The Ultimate Guide to Glazing Oak Framed Buildings

Glazing, or glass, can be a stunning addition to your oak building, allowing for views of the surrounding area and the admittance of natural light into your space.

However, whilst working with external glazing, it's important to get it right. Ensure you keep energy costs under control, reduce your risk of sun glare, and avoid numerous other hiccups with our ultimate guide to glazing…

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Importance of Selecting the Right Type of Glazing for Oak Framed Buildings

When investing in an oak framed building for your home, you want to ensure every detail is as expected. This includes your glazing, which plays an important part in regulating temperature and light within your building.

The amount and type of glazing should be suitable for your geographical location and the intended use of the space, as well as meeting your design requirements.

Glazing should keep your home cool in warmer months, whilst keeping heat inside during the colder months. Too much of the wrong type of glazing can result in excess heat and glare caused by the sun; glare from direct sunlight can affect the visibility of television, desktop and laptop screens, which can make the space difficult to enjoy fully at all times.

Alongside this, you could further experience poor thermal insulation, which leads to increased energy bills over the winter period.

Location additionally plays a role in selecting the most appropriate glazing for your building. Consider whether your area is subject to extreme climates, higher winds or driving rain, which would require a particular type of glazing.

We explore the different types of glazing, and their applications, in more detail below…

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Types of Glazing for Oak Framed Buildings

There are several types of glazing for oak framed buildings, meaning you can select the right type of glazing for your home and location.

Single Glazing

Single glazing consists of only one pane of glass, which can range from between 3mm and 10mm in thickness.

Single glazing is the most cost-effective glazing option, however has the least insulation capabilities in terms of both sound and heat, and is prone to condensation build up. For this reason, single glazing is not commonly found in new-build homes, but instead is typically used for buildings that do not require controlled internal environments.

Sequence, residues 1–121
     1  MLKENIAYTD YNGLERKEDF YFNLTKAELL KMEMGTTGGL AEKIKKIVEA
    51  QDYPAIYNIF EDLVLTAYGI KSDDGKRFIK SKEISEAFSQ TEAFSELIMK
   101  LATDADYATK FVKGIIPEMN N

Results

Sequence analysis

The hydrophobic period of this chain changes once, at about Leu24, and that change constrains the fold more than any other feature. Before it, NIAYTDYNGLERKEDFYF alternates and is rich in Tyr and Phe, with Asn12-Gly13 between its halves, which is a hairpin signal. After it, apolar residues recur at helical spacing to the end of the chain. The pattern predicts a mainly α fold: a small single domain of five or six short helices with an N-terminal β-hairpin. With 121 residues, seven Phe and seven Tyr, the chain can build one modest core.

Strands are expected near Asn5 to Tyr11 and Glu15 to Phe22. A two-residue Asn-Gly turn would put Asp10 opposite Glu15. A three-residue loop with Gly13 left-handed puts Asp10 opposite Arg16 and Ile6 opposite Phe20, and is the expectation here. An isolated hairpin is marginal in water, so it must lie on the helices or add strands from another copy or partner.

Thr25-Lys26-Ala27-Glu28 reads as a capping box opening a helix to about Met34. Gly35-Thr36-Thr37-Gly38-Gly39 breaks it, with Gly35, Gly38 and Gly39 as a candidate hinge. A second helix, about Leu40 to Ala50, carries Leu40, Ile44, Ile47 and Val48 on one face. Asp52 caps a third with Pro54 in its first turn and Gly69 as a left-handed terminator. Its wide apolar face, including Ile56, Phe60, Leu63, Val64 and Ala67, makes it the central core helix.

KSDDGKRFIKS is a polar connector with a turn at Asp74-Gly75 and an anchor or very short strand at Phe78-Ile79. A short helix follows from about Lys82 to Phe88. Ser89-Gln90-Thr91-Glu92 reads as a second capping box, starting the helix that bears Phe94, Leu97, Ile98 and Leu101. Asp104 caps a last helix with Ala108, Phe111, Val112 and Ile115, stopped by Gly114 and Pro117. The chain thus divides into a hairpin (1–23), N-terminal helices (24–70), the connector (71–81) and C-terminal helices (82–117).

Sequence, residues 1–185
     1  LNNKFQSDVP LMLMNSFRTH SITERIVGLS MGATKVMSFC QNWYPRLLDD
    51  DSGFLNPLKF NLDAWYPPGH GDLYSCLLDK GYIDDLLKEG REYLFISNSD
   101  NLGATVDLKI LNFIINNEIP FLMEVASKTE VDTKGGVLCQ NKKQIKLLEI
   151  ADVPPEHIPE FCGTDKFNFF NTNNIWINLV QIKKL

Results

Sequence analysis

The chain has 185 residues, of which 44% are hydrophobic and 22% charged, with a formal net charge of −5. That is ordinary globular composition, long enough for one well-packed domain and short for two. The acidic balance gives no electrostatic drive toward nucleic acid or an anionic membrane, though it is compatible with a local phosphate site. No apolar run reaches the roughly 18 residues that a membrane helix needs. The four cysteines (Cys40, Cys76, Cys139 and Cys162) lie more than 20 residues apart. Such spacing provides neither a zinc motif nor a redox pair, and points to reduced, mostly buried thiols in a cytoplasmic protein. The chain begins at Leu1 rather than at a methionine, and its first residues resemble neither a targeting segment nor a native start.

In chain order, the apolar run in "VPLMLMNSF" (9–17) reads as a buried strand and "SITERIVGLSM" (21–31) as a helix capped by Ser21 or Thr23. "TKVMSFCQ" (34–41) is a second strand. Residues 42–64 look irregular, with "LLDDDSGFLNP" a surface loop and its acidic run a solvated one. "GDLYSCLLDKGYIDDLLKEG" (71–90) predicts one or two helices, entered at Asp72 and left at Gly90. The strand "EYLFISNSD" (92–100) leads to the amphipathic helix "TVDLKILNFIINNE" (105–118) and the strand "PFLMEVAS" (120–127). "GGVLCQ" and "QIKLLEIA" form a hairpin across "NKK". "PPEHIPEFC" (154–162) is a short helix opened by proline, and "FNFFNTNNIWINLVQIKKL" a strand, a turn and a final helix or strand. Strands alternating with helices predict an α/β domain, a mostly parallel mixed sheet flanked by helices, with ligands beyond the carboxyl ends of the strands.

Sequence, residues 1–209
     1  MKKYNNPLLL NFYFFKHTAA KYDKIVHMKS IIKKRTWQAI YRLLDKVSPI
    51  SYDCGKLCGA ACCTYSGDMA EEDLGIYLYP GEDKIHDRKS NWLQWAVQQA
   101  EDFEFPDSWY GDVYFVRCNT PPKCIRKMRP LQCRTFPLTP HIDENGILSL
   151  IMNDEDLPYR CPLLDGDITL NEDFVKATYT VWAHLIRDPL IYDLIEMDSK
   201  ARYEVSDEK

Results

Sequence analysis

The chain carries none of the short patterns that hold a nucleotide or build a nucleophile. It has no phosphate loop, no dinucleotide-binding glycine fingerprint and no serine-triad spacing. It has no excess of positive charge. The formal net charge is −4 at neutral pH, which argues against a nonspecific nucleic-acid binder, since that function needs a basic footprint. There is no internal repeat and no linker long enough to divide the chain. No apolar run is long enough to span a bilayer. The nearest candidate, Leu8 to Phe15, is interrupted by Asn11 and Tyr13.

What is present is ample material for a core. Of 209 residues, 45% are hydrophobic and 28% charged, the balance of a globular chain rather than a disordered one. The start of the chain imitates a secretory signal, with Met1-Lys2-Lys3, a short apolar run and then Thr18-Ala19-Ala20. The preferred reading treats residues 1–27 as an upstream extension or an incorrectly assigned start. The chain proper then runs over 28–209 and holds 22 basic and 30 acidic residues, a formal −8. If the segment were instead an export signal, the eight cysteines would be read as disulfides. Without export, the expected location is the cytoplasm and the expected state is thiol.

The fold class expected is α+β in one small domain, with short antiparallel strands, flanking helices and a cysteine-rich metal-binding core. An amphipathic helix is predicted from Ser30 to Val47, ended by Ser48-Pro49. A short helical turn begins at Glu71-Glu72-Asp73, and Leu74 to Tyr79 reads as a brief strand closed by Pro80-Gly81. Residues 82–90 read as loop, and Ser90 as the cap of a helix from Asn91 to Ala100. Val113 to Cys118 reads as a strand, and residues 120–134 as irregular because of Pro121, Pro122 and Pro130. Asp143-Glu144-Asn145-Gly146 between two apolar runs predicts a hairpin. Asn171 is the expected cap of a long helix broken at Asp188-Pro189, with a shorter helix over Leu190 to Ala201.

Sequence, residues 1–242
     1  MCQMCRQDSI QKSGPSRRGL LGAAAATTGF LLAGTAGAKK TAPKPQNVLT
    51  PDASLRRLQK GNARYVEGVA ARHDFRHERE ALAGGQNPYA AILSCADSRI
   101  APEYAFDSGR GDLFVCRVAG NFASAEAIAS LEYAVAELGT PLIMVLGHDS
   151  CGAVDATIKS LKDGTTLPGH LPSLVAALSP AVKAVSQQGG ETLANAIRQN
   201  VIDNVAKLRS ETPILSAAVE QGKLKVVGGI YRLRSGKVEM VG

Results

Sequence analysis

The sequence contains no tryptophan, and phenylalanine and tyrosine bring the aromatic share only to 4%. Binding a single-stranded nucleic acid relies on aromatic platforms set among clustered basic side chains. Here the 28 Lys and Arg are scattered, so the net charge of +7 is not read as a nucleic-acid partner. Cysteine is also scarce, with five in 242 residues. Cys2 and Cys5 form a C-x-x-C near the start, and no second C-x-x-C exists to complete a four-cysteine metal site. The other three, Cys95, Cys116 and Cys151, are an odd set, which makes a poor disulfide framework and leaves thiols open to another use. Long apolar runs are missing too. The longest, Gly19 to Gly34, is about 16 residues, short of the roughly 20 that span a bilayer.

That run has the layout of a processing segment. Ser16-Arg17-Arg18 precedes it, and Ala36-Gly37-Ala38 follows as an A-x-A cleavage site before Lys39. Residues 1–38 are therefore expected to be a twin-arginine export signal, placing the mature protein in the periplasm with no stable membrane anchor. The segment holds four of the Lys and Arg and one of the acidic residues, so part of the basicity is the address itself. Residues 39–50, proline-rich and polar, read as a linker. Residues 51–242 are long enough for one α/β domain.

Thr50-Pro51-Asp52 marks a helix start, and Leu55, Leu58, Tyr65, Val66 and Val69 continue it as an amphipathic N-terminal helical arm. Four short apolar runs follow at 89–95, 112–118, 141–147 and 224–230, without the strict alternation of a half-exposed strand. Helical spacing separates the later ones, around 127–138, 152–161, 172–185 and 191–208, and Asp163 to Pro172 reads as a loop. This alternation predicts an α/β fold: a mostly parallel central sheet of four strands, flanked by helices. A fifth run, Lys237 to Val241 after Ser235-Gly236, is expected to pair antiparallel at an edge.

Double Glazing

Double glazing takes advantage of two panes of glass, which are separated by a space filled with a desiccant gas, such as argon. The gas acts as a natural insulator and prevents heat from being lost out of the window due to convection. Desiccant gases are also used to maintain dryness within the window, preventing condensation between the panels.

Because it utilises more panels than single glazing, double glazing offers advantageous thermal and sound insulation capabilities, as well as being harder to break.

Double glazing is suitable for all types of homes and properties.

Triple Glazing

Triple glazing is made up of three panes of glass and two pockets of a desiccant gas, one between each panel.

It’s important to note that the depth of the glazing system affects its thermal performance, with a greater depth providing greater performance. This means triple glazing offers reduced noise levels and significantly increased thermal efficiency compared to double glazing; triple glazing boasts some of the highest performing energy levels available.

On the other hand, it is also more expensive than double or single glazing.

Triple glazing is popular in colder climates or for homes looking to take advantage of greater energy savings.

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Laminated Glass

Laminated glass is much tougher than ordinary glazing. Laminated glass is created by bonding two plies of glass to form a permanent bond that retains structural integrity even when impacted or broken.

For this reason, laminated glass is advised for areas or properties with a higher risk of break ins and natural disasters, as well as for use in skylights and glass roofs. Another common application for laminated glass is for commercial buildings.

Other Specialised Glazing Options

For those looking for specialised options, the above glazing is also available as:

Tinted glazing involves the incorporation of colouring additives to transparent glass, most commonly in the colours bronze, grey, blue and green. Tinted glass can add a pop of colour, increased privacy, and reduced sun glare and heat intensity to your glazing.

Solar Control Glass
Solar control glass is designed to control excessive heat and glare from the sun entering your building and making it uncomfortably hot.

Solar glass may be preferable in spaces with high volumes of glazing, such as conservatories and orangeries.

Choosing the right type of glazing is worth taking some time to carry out research or consult an expert on glazing oak framed buildings. Not only could you save on costs in the long-term, but you will be able to increase the enjoyability and experience of your new oak building.

Enville Oak provides a comprehensive service when constructing bespoke oak buildings, and can install glazing of your choice to meet design specifications.

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